What is Bullying?
Bullying can be termed as aggression that is physical or verbal that is done over and over again over a certain length of time. It differs from meanness in that it encapsulates an imbalance of power. Three out of ten young people suffer bullying, especially from grades six to twelve. Teachers often underestimate the extent to which bullying is taking place in their schools.
Are Parents Aware that Their Children are Being Bullied?
In only about half of the cases of bullying, parents are aware that their child is getting bullied. Bullying can present itself in four forms, and they include reactive, relational, verbal, and physical bullying.
Individuals with the social climber and high self-esteem characteristics tend to be bullies. Bullying should be discouraged in the workplace or schools through several approaches by work personnel, schools, parents, bystanders, and even the victims of bullying.
Types of Bullying
Bullying may involve an assault on a property by being taken or damaged. The following are the various types of bullying.
- Reactive bullying is where a former victim of bullying becomes a bully.
- Relational bullying includes isolation and exclusion from a social group. It may entail threats, rumors, and intimidation.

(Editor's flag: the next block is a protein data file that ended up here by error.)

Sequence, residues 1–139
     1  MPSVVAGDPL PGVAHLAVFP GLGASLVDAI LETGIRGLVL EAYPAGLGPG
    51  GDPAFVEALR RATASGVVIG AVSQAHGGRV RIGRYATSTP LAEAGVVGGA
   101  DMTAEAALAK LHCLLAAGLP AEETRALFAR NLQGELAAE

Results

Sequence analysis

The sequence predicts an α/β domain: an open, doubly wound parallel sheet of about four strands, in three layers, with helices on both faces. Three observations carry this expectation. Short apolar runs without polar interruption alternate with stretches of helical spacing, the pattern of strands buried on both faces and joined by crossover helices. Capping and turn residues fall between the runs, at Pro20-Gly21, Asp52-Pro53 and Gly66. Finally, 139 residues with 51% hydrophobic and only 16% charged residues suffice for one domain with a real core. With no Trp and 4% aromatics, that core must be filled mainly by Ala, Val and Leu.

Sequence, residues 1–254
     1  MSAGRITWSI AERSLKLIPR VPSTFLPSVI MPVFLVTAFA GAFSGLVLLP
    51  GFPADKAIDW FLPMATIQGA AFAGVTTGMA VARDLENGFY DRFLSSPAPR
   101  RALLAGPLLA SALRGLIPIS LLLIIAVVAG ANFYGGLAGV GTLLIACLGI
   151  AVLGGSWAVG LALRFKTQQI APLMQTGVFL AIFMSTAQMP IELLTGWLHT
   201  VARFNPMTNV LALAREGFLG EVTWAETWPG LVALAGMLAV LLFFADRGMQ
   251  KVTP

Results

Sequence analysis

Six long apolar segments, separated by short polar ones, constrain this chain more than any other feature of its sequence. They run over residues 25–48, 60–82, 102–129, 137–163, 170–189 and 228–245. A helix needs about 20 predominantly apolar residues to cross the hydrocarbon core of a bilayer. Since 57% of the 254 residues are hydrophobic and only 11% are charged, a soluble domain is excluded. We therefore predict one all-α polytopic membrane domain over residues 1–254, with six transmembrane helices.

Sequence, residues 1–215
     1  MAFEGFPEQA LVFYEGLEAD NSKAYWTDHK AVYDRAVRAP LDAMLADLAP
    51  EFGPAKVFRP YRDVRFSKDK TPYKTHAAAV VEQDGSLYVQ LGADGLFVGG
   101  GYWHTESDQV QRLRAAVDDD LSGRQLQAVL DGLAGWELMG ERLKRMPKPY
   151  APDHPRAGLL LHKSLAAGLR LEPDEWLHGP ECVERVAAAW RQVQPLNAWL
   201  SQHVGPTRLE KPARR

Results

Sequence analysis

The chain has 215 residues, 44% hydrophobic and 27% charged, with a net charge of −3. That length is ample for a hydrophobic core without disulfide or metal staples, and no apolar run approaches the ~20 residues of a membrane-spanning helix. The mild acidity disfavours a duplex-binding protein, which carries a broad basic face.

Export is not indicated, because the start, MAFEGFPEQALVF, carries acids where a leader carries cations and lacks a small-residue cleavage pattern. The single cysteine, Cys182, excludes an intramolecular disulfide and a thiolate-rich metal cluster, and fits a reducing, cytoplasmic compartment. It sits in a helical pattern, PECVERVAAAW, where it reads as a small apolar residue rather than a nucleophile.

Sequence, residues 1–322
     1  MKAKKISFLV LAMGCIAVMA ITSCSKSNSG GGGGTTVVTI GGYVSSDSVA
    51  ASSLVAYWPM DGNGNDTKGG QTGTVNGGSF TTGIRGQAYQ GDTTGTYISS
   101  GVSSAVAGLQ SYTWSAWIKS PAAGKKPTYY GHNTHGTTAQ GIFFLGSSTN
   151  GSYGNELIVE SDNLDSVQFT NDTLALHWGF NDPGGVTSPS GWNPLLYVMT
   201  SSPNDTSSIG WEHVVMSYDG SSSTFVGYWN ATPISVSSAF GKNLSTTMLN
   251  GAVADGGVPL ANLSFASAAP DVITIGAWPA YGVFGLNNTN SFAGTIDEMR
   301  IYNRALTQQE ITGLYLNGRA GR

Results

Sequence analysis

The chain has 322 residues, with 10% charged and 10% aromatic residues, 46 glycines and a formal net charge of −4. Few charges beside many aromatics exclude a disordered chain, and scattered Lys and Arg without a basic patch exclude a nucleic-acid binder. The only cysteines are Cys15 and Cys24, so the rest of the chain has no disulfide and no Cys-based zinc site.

- Verbal bullying is the weaponization of words to harm others. It could be threatening, taunting, comments that are sexual, insults, and calling others names.
- Physical bullying may be attacking, pushing, kicking, or hitting others. The victims of bullying, depending on the intensity of their bullying, can become tainted for life and suffer long-term mental health consequences.
How to Prevent Bullying
Caregivers and parents can assist in the prevention of bullying. The following practices can be utilized in the prevention of bullying and ensure an effective response to the issue.
- Start early. It is common for young people and children to exhibit aggressive behavior and when these behaviors are not addressed, they could catapult into bullying.
- Engagement and warmth. Parents who spend little time with their children and do not make supervision of their activities, even at school, increase the tendency that their children could get involved in bullying.
- Discussion on bullying. Discussing the topic with children enables them to gain an understanding of what it is, what is wrong with it, and how they could respond to it if they ever got into such a situation.
- Set a good example. Children tend to mimic behavior and setting a good example could be a way of teaching them how to be respectful and kind.
- Make rules and expectations. Parents should develop clear rules and set expectations for their children and how they become expected to treat others.